Provide the Best Animal Nutrition

The third major factor in animal quality is what the animal eats – and what it doesn’t eat. Cattle are ruminants – animals which naturally feed primarily on grass and other forage.  Like us, cattle also enjoy a little variety in their diet, and are particularly fond of grains.  At Shipley Farms, we use a feeding protocol developed through the Amazing Grazing program from N.C. State University’s College of Agriculture, which calls for the animal to get the major source of its daily nutrition from forage (grazing in the pasture, and eating cut hay in the winter when pastures are dormant), with a daily supplement of vegetarian corn and grain feed.  This feed supplement is a natural and healthy way to stimulate the animal’s growth and enhance the marbling and texture of the meat without using steroids and other growth stimulants, and without feeding any animal byproducts.

  • Our animals are not only “pasture-raised” and “pasture-fed,” but also “pasture-finished.” Some practices provides for animals to be “grain-finished.”  The ‘finishing’ stage is the last few months when the animal is being fattened up for slaughter.  Feeding a diet of corn or other grains along with soy or other concentrated feed helps to fatten up the animal more quickly and efficiently. However, too much grain without enough forage isn’t natural for the animal’s digestive system.  Our practice is to continue a balanced, grass-based diet throughout the animal’s life, even through the finishing stage.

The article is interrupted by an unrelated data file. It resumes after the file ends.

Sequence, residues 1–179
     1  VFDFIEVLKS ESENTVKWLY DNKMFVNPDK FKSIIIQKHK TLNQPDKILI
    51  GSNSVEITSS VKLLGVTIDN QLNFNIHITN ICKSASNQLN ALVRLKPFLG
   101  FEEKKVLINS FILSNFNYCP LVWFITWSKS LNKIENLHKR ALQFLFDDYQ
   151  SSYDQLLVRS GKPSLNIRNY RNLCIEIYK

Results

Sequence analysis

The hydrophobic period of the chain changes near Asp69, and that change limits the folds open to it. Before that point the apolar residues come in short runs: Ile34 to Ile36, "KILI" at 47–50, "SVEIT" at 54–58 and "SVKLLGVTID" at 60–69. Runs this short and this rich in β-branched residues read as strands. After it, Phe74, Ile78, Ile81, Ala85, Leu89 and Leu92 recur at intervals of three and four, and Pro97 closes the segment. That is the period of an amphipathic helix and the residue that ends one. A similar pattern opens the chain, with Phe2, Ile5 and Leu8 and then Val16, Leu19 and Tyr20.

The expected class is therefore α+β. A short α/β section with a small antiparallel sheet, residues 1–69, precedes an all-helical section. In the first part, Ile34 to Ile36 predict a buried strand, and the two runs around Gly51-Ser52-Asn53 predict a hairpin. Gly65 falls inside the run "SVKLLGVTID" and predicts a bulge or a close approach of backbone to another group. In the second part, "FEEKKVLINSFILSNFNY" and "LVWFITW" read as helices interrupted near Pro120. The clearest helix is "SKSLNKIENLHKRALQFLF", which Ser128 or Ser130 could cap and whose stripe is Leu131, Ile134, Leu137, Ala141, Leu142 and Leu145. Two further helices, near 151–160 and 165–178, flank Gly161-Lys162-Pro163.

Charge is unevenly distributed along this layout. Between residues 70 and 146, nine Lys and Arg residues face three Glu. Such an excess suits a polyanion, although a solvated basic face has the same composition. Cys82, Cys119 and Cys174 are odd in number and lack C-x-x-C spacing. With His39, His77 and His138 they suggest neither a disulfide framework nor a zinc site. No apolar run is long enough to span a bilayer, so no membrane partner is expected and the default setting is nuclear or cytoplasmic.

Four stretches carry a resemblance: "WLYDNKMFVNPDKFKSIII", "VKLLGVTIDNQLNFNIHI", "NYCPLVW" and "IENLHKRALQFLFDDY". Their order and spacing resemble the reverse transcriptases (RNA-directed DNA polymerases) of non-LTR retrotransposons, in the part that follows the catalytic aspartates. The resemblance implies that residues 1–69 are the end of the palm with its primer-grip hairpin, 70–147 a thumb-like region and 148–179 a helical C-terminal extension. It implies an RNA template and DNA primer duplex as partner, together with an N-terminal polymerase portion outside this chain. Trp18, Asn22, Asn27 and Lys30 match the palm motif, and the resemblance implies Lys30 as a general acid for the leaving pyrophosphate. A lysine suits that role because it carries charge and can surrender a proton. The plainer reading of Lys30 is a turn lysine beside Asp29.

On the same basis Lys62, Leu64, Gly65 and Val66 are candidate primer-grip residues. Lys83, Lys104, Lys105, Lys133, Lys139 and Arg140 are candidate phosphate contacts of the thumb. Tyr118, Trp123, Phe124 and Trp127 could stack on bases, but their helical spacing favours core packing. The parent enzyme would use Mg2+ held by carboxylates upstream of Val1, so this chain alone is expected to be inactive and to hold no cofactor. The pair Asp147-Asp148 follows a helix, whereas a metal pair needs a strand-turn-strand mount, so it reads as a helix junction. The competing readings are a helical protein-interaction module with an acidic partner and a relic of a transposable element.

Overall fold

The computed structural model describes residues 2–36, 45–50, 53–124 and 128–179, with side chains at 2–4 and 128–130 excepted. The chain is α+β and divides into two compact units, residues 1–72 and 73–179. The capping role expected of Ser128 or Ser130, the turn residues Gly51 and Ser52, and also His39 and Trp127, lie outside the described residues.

• Pasture-feeding also enhances nutrition, with grass-based diets providing more CLA’s and Omega-3 fatty acids than grain-fed beef.
  • As with antibiotics, while we recognize the varied practices used across the livestock industry for feeding the world safely, efficiently and in large volume every day, for our own practices we never use steroids, hormones, or any other growth stimulants on any of our livestock. Many years ago, when farm land was cheap and growth enhancers were rare, our practices were the common practice for how beef was grown.  Today, less than 3% of the beef produced in the U.S. is raised according to this standard.

How slaughter practices can affect meat quality.